Yet the FIA will in fact probably argue the second item on the 2016 list of permitted radio information is, “Indication of a critical problem with the car: Any message of this sort may only be used if failure of a component or system is imminent and potentially terminal.”
However, this eventuality is not being sanctioned given the remarks made by Toto Wolff and Bob Fernley.
And Sergio Perez ended his Austrian GP in the barrier.
Is this the kind of unpredictability the TJ13 jury really wants to see in F1?
Fernley observes the irony of the situation very well.
Its reasonable that the team don’t give instructions in minute detail to the drivers about how to improve their race. But, surely safety must be considered. The FIA are obsessed with it. Huge run off areas and state of the art crash barriers, a halo of some description to be introduced. Yet, it is not allowed to inform a driver about his brakes, or tyres? Is that not safety too? Especially when you have a fast circuit such as Baku, being driven close to the walls on a narrow track. How safe it is for a driver to be travelling at 200mph on a track like that, and trying to work out which of the 500+ menus and sub-menus he should be changing, while trying to race? Not only that, but it has also diminished the enjoyment, in my opinion, of hearing what they are saying to each other, and learning about any problems the driver or team are having.
As an aside…. do the drivers have some form of fuel gauge display on their steering wheels they can check from time to time? If not, how can they know whether to race or lift and coast without instructions from the team?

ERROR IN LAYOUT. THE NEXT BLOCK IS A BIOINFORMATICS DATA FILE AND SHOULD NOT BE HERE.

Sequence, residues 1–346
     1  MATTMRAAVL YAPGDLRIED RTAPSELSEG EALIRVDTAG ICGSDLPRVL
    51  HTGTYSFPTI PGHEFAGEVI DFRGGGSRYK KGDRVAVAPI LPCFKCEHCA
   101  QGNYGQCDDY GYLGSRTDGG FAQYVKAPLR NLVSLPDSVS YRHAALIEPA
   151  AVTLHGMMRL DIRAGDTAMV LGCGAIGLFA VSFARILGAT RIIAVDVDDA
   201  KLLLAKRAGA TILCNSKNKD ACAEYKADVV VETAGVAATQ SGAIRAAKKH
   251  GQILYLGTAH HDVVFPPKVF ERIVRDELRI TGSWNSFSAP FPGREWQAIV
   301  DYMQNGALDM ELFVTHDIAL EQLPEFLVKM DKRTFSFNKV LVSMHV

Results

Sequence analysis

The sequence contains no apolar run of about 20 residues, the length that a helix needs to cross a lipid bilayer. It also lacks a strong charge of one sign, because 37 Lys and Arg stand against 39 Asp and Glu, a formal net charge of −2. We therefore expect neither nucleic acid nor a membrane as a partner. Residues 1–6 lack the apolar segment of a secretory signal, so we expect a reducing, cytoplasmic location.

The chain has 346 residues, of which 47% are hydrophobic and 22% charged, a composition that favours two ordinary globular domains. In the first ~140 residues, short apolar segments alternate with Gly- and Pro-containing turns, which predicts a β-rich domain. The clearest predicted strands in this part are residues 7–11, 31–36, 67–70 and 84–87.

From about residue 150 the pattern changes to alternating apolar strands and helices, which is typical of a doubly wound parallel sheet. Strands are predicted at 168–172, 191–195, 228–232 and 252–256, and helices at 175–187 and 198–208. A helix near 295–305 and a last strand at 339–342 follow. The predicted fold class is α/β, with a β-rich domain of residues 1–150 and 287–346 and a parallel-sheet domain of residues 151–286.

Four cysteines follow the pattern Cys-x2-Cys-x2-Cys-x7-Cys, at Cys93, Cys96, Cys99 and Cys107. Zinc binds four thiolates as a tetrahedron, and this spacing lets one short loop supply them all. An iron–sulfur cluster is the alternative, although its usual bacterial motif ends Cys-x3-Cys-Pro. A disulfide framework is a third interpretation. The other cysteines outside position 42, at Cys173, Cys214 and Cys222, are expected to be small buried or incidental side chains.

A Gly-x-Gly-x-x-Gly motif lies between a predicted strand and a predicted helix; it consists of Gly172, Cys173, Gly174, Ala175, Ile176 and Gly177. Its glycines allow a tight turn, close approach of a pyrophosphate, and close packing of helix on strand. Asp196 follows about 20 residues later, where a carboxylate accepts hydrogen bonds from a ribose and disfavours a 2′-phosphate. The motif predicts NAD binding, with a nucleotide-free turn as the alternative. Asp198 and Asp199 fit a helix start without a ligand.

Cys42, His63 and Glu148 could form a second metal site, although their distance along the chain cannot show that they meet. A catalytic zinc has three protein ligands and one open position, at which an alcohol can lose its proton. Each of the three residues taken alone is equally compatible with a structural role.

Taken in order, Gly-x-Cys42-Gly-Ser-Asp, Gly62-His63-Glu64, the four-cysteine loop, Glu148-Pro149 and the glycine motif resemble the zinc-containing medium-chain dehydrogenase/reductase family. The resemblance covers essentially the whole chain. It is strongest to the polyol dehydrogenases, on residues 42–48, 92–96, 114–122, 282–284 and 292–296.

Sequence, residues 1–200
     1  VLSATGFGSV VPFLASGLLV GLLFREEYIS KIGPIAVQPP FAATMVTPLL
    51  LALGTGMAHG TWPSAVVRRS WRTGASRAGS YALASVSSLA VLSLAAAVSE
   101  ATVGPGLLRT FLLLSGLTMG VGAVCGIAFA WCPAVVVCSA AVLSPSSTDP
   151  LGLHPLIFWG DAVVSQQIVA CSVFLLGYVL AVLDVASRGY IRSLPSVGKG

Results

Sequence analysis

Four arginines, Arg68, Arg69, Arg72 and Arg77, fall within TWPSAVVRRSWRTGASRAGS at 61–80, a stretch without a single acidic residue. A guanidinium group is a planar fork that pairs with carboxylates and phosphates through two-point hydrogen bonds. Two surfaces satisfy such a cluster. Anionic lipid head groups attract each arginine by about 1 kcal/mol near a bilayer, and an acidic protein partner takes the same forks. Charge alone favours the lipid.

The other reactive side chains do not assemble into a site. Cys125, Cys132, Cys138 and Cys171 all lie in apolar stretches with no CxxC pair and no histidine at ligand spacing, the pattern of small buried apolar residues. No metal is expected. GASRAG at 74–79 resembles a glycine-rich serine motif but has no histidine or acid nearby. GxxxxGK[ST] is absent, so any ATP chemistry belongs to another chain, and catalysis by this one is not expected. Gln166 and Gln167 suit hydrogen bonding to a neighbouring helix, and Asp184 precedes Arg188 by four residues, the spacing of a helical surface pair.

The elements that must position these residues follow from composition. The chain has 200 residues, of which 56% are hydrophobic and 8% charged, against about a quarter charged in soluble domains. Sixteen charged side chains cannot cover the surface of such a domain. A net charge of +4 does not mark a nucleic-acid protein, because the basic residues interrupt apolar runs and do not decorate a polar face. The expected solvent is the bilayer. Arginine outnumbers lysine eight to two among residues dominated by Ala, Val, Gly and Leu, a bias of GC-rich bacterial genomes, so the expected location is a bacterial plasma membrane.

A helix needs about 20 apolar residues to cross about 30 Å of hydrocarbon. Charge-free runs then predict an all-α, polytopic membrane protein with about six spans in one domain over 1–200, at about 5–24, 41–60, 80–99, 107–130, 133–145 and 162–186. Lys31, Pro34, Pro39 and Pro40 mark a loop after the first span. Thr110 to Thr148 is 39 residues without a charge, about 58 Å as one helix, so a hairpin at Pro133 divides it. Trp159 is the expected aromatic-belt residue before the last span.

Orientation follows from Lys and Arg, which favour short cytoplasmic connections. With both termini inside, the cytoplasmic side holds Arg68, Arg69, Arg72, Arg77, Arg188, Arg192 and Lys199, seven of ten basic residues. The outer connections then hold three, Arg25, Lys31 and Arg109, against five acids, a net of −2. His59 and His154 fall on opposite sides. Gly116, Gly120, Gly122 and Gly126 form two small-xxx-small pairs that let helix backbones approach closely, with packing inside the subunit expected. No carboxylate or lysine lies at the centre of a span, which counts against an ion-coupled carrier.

wasn’t part of the reason these rules were delayed until this year so that teams could modify their displays to show things like fuel levels?
if I remember correctly Red Bull and Williams weren’t running the big McLaren screens like all the other teams because they previously didn’t need a big fancy display because the engineers could just tell the driver what they needed to know and didn’t want the added weight in the steering wheels?
Bob should have grown a pair, made the call and then ask Charlie if he really wanted to defend his willingness to endanger the lives of drivers, marshals and spectators in a court of law.
To which Charlie would probably have replied “I didn’t; if the problem doesn’t need a pit stop or parking to fix, it’s not critical, merely serious, and if you think it needs either of those things, tell your driver to pit/park” (which would be consistent with precedent). And then answered the post-race threat with “I have no case to answer and by the way you’ll breach Article 151c if you make that accusation public through any method, which could end your team”. And Bob doesn’t have the authority to make a potentially team-ending decision like that without asking Vijay Mallya first.
Wouldn’t imminent brake failure be considered an emergency situation?
Further, I don’t see brake condition listed.
I agree with titanracer69, and would have made the call and then asked forgiveness.